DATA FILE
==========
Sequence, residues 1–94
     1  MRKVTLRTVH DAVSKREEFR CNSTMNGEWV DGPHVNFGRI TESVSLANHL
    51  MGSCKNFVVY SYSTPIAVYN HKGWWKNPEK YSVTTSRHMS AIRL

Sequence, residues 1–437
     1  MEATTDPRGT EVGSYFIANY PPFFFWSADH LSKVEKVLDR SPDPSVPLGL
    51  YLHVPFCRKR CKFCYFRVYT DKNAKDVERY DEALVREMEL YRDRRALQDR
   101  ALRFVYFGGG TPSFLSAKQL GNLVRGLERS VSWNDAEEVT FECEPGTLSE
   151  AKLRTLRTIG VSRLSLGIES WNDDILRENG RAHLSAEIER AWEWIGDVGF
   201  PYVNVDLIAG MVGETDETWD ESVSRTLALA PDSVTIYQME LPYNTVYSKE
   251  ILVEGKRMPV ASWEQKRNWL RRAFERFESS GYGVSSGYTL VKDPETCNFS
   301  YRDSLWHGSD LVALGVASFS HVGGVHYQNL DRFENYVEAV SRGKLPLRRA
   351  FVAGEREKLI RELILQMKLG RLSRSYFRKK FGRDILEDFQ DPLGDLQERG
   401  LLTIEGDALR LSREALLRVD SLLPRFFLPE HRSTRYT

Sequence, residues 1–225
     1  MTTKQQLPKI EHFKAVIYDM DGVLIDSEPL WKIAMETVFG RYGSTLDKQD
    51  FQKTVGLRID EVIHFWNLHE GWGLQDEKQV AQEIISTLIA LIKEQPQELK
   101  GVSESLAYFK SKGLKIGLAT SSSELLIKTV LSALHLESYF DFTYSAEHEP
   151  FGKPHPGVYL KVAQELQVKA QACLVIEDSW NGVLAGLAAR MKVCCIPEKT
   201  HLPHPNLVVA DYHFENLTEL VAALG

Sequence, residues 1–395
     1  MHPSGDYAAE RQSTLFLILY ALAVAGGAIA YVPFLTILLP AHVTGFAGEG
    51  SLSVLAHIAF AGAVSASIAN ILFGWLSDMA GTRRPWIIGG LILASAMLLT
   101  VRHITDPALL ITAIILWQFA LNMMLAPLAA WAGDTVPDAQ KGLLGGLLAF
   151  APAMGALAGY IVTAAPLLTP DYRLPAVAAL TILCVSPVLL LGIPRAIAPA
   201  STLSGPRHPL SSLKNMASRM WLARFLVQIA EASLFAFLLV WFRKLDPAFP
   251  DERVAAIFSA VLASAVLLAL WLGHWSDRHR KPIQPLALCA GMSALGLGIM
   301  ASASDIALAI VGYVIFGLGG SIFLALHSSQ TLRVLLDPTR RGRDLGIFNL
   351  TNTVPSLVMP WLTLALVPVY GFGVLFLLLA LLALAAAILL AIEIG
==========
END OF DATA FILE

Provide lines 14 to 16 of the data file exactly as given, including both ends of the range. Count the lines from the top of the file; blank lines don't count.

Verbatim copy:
Sequence, residues 1–225
     1  MTTKQQLPKI EHFKAVIYDM DGVLIDSEPL WKIAMETVFG RYGSTLDKQD
    51  FQKTVGLRID EVIHFWNLHE GWGLQDEKQV AQEIISTLIA LIKEQPQELK